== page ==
Directing Digitally: Light Switch

by Dave Osmundsen | Directed by Kristina Friedgen | Produced by Arizona State University, February 2021

Performance Sample

An abridge cut of the first scene of Light Switch. In this scene, a 10-year-old Henry has been playing “Wuthering Heights” on the playground with his best friend, Aaron. In the game Henry as Cathy tries to kiss Aaron as Heathcliff, prompting a turning point in their friendship.

Director’s Note

For an autistic person, navigating a predominantly neurotypical world structure can be a daunting experience.  Social norms that neurotypicals take for granted often befuddle those on the autism spectrum.  In Light Switch, protagonist Henry Sullivan has adapted by pursuing his passion for 19th-Century British Literature above all else. The worlds of Jane Austen, the Bronte sisters and Charles Dickens demonstrate a society steeped in rigid social rules.  Social protocols made it easy to read others’ intentions and subtextual meanings because of the clearly defined symbolic language to which society adhered.  Such overt symbols rarely appear in everyday communications between people today.  

In order to navigate through his world, Henry adopts a romanticized version of Regency decorum.  He sets a standard for those who develop attachments to him, refusing to associate with “imbeciles.”  While this coping mechanism accounts for Henry’s limited group of friends, it also produces true attachments, Roggie (his best friend and roommate) and Marian (his mother) being prime examples. 

Not only does Henry comport himself in the manner of a 19th century Brit, he has also defined his love map by the structure of a 19th-century heroine.  Idolizing stories like Wuthering Heights, Pride and Prejudice and Sense and Sensibility shape Henry’s understanding of a healthy relationship.  While this means that love can overcome social obstacles, it also epitomizes unhealthy advances, such as “negging” and obsessive declarations of unrequited love.  As much as Henry’s passion for 19th century British literature enlivens him, it also traps him, not unlike the ways in which women during the Regency were trapped by the fact of their status and marital status.  However, unlike the heroines he admires, Henry can overcome the circumstances of his entrapment.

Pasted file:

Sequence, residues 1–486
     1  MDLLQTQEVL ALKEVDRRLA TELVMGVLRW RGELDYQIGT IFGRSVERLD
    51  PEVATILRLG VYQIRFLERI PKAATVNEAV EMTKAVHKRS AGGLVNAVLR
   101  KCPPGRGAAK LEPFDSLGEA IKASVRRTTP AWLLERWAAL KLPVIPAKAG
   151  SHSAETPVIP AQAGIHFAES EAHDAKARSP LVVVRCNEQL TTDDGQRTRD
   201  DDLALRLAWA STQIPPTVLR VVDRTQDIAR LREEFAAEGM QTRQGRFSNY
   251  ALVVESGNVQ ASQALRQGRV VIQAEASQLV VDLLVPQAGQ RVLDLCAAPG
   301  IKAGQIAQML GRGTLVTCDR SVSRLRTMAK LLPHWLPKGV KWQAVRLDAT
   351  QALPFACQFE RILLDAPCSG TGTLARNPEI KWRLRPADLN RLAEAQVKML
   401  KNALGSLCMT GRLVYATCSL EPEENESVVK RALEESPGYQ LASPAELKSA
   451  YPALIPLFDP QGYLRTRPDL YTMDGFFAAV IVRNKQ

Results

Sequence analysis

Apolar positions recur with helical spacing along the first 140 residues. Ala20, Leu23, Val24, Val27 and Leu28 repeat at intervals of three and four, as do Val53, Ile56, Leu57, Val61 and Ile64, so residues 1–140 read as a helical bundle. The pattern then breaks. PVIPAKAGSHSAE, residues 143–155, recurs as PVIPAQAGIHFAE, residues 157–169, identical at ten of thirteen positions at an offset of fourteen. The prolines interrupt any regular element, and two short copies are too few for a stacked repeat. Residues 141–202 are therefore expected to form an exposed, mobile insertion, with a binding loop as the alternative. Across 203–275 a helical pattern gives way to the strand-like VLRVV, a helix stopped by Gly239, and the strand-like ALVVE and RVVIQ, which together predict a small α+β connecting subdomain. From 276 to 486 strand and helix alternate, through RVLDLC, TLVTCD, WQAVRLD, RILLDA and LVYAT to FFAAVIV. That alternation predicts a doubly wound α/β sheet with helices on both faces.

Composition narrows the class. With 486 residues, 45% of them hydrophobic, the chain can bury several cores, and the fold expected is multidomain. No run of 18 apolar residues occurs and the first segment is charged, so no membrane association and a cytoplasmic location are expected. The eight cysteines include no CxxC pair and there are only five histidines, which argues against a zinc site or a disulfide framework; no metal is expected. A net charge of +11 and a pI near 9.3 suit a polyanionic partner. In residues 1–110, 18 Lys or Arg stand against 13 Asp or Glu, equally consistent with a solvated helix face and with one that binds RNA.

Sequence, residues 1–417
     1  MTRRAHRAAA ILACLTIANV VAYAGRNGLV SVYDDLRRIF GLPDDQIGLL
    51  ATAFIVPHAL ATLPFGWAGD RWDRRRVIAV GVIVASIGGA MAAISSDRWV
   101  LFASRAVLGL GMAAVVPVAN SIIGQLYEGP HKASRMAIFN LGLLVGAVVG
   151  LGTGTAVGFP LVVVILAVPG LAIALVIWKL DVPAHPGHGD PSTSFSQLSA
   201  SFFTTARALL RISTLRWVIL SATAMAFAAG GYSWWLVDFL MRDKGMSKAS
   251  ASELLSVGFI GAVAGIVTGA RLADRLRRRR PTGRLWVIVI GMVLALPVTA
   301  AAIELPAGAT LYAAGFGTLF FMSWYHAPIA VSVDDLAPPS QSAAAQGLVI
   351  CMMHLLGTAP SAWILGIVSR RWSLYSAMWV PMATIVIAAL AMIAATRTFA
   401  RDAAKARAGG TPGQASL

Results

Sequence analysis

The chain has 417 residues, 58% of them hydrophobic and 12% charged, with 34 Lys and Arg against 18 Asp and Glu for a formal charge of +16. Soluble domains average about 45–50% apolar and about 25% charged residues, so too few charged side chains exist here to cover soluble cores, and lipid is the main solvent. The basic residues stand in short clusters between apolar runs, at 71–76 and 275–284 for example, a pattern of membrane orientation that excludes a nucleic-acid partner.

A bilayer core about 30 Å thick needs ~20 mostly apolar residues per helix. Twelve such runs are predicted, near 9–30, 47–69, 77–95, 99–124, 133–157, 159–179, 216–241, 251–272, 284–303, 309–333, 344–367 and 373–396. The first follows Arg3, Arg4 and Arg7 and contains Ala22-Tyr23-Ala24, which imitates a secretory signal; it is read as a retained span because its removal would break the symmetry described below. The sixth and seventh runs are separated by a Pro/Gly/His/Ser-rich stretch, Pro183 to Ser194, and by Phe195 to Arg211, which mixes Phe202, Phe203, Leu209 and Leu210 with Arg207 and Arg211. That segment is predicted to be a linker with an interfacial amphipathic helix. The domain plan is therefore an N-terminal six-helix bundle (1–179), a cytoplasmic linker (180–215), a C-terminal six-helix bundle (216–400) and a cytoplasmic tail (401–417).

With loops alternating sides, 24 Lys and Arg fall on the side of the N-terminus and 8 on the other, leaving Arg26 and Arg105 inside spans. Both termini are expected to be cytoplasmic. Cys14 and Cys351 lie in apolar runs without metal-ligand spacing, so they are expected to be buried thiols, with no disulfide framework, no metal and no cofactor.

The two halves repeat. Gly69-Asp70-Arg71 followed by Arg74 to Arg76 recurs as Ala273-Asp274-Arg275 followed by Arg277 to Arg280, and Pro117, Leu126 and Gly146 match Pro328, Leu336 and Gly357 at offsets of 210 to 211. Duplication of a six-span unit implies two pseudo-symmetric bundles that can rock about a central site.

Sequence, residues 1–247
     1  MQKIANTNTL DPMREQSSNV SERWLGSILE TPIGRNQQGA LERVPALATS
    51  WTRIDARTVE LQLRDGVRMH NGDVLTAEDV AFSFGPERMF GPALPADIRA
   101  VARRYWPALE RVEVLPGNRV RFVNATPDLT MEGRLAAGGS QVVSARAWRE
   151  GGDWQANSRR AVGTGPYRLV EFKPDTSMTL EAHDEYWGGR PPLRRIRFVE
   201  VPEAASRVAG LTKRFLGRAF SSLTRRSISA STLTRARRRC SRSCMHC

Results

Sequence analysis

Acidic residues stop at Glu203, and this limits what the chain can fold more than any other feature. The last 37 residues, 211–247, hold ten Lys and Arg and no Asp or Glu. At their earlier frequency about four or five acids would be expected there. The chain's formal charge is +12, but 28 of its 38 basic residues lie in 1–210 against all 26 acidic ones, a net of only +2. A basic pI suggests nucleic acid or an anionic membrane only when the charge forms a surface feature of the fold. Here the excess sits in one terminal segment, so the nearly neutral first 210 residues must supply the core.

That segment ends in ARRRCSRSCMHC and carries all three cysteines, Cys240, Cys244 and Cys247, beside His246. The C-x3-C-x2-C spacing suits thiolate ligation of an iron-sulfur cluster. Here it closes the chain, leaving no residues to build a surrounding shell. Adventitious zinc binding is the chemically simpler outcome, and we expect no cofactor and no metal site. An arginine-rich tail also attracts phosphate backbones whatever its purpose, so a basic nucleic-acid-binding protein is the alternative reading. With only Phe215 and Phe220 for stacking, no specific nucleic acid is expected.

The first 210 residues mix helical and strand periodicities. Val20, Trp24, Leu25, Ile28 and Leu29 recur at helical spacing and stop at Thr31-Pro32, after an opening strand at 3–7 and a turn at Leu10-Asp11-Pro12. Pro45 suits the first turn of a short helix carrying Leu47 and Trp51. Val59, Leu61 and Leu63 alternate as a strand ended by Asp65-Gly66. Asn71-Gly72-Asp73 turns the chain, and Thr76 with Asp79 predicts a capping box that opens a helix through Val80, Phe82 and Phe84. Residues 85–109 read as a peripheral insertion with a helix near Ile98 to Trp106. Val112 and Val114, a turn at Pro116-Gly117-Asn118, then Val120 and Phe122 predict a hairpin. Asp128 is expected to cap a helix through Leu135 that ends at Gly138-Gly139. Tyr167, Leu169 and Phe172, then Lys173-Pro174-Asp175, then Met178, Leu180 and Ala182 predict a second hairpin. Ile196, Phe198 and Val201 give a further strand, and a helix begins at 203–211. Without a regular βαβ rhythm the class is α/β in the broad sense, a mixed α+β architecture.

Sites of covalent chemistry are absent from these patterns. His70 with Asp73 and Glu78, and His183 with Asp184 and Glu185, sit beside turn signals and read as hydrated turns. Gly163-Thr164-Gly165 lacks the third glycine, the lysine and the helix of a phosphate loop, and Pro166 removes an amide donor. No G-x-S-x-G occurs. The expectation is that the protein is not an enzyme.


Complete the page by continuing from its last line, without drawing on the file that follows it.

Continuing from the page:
Light Switch is on its surface a queer and neurodiverse story.  Through these specific lenses, however, it taps into distinctly human experiences – passion, rejection, self-preservation – that are arguably universal.  While it can be useful to build boundaries between ourselves and others, we can only find a truly deep connection with another when we open those boundaries up to a multitude of experiences.  As Henry ultimately learns, there is more than one way to love something, more than one way to experience something – a lesson that is perhaps the epitome of a queer, neurodiverse lens.

Director’s Concept

Reflection of Experience

As my first experience working with a playwright on a play in development, Light Switch enabled me to grow my practice of collaboration in a traditional theatre environment. Working closely with the playwright, Dave Osmundsen, who has Aspergers, I wanted to develop a visual language through the design and performance that contrasted Henry’s neurodiverse experience with the neurotypical characters around him. The design team and I collaborated on an aesthetic that would zoom in on specific aspects of each scene that were significant in Henry’s story. These textural moments in addition to the sound design highlighted sensations specific to Henry’s experience of autism (see images below).

While originally this production was slated for a live performance, due to COVID we quickly pivoted and adapted to a fully filmed digital production. Rehearsing initially on Zoom, the actors and I utilized Tectonic Theatre Project’s process of Moment Work to flesh out the design ideas more thoroughly. Cultivating a collaborative community of artistic input helped me to successfully navigate this particular digital performance and adapt a text originally intended for the stage into a theatricalized film. Because I’m not a queer neurodiverse person, having those identities represented in the production team enhanced our shared vision for Light Switch, and based on audience feedback during the talkbacks, the humanity of the piece came through clearly in the final performance. In fact, several talkback participants identified themselves as parents of children on the spectrum and shared how the piece spoke deeply to their experience and helped them to better understand their own children a little deeper.